Plants and people require significantly different growth conditions to stay comfortable and remain healthy. Those differences lead serious gardeners with large amounts of indoor plants to design and create specialised grow rooms to house their greenery. Growing plants need the humidity levels in the air around them to fall between 40 and 75 per cent. While Purdue University recommends clumping plants near one another and placing them in a tray with moist gravel to maintain the necessary humidity, gardeners can use other tactics to maintain better, more measurable control of the humidity in a grow room.
Seal the room as well as possible to prevent outside elements from affecting the humidity in the room. Cover them with the protective plastic sheeting normally used to hold heat indoors in the winter, or install tight weather stripping around the windows and doors.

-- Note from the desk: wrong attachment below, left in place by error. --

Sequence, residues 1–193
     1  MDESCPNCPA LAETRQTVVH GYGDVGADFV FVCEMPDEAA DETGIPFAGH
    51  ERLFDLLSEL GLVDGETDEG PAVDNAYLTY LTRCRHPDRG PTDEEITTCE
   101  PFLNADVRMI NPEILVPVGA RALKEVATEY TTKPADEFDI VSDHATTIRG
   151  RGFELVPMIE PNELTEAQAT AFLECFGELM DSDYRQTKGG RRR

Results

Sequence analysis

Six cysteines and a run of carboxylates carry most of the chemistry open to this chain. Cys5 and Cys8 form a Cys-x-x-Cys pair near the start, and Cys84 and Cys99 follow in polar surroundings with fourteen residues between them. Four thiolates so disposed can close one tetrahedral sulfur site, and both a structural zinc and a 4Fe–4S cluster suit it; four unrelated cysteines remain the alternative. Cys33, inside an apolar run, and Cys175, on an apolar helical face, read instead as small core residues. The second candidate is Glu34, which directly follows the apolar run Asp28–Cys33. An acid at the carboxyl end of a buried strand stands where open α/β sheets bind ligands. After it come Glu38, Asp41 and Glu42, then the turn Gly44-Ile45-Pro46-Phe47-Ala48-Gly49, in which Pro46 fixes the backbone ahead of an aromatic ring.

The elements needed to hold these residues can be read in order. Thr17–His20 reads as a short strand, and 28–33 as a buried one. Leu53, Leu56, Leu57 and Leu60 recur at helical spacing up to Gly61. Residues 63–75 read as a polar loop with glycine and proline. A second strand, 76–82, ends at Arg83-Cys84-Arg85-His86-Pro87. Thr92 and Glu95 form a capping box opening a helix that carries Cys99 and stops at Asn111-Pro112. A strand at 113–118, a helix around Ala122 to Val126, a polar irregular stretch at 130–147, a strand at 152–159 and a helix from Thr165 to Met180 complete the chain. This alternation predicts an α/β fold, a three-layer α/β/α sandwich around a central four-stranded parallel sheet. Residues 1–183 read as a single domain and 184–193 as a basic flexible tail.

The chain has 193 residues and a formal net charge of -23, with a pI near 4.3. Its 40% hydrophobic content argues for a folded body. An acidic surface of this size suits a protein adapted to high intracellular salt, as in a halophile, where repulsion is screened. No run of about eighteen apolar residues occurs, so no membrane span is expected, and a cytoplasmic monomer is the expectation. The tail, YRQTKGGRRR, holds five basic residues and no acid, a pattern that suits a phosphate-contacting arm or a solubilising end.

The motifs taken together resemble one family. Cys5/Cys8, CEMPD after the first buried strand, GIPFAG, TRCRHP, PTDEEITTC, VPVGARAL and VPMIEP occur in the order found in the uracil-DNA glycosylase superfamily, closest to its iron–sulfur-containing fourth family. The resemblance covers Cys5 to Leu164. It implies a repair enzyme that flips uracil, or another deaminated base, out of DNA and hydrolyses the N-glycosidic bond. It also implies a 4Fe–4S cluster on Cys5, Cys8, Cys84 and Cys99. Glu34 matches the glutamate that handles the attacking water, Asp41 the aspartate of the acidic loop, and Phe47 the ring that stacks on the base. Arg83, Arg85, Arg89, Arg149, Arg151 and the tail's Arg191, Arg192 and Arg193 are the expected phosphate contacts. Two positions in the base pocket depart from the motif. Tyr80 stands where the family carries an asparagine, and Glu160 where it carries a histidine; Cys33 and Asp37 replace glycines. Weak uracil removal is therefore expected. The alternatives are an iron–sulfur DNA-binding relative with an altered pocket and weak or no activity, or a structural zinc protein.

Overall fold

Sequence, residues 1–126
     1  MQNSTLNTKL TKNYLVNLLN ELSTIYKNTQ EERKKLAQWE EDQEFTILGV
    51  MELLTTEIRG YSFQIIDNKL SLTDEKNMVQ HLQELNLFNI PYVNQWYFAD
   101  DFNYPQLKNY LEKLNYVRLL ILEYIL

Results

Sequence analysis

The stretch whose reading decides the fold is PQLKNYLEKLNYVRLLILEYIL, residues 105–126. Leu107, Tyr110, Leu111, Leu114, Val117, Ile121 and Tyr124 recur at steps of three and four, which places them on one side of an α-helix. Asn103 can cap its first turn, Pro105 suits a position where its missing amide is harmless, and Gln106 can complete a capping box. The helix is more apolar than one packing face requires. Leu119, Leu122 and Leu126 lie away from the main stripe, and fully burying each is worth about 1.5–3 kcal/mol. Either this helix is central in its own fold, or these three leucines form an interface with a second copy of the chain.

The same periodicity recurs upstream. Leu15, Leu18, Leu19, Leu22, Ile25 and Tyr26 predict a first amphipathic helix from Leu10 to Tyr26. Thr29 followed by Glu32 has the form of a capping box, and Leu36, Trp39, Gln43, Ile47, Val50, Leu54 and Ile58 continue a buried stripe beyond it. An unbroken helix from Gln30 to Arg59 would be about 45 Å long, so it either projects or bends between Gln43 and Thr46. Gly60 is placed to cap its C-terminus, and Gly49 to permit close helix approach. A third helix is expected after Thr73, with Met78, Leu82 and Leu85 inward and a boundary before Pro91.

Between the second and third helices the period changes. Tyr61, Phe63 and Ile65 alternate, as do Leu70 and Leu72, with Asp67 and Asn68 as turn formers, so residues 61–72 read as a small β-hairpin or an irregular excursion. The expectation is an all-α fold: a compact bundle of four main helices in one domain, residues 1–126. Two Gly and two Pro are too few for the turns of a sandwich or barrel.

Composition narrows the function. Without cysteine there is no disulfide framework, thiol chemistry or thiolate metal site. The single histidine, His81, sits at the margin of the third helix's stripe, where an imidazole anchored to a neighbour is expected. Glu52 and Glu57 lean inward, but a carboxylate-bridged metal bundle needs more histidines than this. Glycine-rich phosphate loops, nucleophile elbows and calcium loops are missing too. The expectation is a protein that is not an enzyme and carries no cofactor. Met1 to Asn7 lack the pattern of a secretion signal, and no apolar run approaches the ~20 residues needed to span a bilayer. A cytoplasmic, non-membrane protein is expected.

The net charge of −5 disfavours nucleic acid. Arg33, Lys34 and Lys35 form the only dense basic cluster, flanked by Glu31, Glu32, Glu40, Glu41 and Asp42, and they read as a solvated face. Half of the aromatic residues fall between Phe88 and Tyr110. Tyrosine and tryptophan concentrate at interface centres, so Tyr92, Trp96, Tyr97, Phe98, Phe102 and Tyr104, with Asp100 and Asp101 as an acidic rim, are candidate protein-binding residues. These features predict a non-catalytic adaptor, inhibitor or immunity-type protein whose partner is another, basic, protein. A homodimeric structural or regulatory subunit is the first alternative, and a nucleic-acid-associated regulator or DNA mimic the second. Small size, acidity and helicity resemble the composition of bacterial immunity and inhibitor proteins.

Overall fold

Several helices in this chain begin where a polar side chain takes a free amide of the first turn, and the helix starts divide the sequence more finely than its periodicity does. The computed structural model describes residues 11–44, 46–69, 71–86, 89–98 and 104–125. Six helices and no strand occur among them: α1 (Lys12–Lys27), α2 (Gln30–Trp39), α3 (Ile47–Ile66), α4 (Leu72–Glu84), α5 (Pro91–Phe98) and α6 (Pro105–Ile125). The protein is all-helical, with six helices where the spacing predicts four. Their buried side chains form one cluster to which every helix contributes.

Control the water sources in the room, as evaporating water can raise humidity quickly. Turn off any sinks, hoses or spigots when you are not using them, and make sure they do not drip. Cover any tanks holding standing water or liquid nutrients. Clean up any liquid spills immediately.
Install a hygrometer, which basically acts like a humidity thermometer. Check the humidity level in the room periodically to ensure the moisture in the air remains at adequate levels.
Turn on a mister or humidifier whenever the hygrometer shows the humidity in the room has dropped below 40 per cent. Run the humidifier until you achieve a 50 to 60 per cent humidity in the room.
Install a ventilation fan, making sure to select a fan rated for the size of the grow room. Run the fan at a low speed to provide air circulation to the room and avoid excess humidity build-up. Increase the speed of the fan and make sure the fan is venting outside rather than blowing into the room if your hygrometer shows excessive humidity levels.
Things you need
- Plastic sheeting (optional)
- Weather stripping (optional)
- Humidifier or mister
- Ventilation fans